guix commands let you specify package lists on the command
line. This is convenient, but as the command line becomes longer and
less trivial, it quickly becomes more convenient to have that package
list in what we call a manifest. A manifest is some sort of a
“bill of materials” that defines a package set. You would typically
come up with a code snippet that builds the manifest, store it in a
file, say manifest.scm, and then pass that file to the
-m (or --manifest) option that many
commands support. For example, here’s what a manifest for a simple
package set might look like:
;; Manifest for three packages. (specifications->manifest '("gcc-toolchain" "make" "git"))
Once you have that manifest, you can pass it, for example, to
guix package to install just those three packages to your
profile (see -m option of
guix package -m manifest.scm
... or you can pass it to
guix shell (see
-m option of
guix shell) to spawn an ephemeral
guix shell -m manifest.scm
... or you can pass it to
guix pack in pretty much the same
way (see -m option of
You can store the manifest under version control, share it with others
so they can easily get set up, etc.
But how do you write your first manifest? To get started, maybe you’ll
want to write a manifest that mirrors what you already have in a
profile. Rather than start from a blank page,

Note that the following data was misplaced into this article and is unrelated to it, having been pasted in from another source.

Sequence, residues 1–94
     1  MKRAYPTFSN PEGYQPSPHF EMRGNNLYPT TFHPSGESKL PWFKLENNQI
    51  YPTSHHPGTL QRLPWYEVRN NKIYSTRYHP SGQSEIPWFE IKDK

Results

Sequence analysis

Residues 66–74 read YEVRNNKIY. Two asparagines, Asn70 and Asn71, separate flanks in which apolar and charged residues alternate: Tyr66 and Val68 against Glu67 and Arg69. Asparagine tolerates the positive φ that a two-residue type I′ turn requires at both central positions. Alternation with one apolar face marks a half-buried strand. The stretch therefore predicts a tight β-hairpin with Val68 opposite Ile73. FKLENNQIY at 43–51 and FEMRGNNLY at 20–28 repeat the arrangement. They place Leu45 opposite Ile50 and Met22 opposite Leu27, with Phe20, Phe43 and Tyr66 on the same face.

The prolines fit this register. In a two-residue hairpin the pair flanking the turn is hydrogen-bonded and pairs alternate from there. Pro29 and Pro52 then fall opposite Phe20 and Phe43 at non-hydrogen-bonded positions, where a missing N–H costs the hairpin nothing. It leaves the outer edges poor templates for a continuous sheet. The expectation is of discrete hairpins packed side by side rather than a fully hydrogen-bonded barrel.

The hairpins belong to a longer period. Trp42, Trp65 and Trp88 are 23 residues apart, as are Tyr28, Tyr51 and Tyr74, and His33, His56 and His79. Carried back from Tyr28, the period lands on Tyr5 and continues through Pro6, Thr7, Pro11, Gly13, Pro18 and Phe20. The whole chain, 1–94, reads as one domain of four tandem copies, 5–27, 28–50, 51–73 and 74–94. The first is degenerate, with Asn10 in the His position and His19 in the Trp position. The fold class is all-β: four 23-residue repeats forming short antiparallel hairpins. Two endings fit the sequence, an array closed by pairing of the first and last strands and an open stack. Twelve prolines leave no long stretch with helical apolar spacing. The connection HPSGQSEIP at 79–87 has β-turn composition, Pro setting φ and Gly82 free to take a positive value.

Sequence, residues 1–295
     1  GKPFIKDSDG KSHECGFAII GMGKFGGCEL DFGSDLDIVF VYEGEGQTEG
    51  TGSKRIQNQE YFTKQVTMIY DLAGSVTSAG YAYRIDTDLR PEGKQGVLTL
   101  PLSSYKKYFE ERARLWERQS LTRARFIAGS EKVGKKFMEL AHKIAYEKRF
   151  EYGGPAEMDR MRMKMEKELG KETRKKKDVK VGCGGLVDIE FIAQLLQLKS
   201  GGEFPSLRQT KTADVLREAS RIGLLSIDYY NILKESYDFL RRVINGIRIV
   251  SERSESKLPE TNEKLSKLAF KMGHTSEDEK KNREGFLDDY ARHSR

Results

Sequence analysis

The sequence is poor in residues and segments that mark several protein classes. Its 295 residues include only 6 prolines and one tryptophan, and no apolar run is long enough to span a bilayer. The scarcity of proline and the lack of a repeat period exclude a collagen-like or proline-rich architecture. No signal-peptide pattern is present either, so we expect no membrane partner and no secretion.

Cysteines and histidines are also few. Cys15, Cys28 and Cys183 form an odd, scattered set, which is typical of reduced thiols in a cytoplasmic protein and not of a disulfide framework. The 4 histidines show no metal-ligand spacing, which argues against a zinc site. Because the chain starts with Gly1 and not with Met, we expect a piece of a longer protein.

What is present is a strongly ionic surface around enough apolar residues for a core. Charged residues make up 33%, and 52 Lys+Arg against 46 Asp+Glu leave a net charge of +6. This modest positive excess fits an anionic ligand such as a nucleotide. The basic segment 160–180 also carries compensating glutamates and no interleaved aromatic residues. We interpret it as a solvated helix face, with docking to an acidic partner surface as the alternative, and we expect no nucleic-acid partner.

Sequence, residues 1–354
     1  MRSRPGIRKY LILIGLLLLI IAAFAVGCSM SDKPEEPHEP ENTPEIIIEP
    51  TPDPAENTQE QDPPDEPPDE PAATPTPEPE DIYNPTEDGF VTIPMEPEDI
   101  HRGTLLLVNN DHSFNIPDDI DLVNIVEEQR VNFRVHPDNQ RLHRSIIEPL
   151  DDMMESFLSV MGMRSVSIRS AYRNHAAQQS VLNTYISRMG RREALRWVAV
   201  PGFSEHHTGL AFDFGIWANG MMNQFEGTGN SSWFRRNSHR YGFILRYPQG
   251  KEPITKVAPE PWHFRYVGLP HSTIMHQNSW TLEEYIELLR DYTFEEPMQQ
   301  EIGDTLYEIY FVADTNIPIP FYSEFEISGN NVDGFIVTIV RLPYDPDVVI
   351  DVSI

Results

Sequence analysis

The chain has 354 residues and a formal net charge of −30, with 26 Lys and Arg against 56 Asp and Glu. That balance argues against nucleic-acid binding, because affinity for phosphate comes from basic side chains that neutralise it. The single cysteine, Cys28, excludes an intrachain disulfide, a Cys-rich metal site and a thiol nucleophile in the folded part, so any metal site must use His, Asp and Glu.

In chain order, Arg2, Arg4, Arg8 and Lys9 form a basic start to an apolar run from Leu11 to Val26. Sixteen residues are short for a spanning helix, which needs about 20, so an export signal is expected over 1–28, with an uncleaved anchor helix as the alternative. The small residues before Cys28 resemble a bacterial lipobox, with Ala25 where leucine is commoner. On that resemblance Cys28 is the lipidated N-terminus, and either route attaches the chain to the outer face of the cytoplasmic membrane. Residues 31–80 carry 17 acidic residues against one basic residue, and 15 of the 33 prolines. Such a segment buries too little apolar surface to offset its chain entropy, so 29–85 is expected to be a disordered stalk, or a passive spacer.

can generate a manifest for you (see
# Write to 'manifest.scm' a manifest corresponding to the # default profile, ~/.guix-profile. guix package --export-manifest > manifest.scm
Or maybe you’ll want to “translate” command-line arguments into a
manifest. In that case,
guix shell can help
guix shell --export-manifest):
# Write a manifest for the packages specified on the command line. guix shell --export-manifest gcc-toolchain make git > manifest.scm
In both cases, the --export-manifest option tries hard to generate a faithful manifest; in particular, it takes package transformation options into account (see Package Transformation Options).
Note: Manifests are symbolic: they refer to packages of the channels currently in use (see Channels). In the example above,
gcc-toolchainmight refer to version 11 today, but it might refer to version 13 two years from now.
If you want to “pin” your software environment to specific package versions and variants, you need an additional piece of information: the list of channel revisions in use, as returned by
guix describe. See Replicating Guix, for more information.
Once you’ve obtained your first manifest, perhaps you’ll want to customize it. Since your manifest is code, you now have access to all the Guix programming interfaces!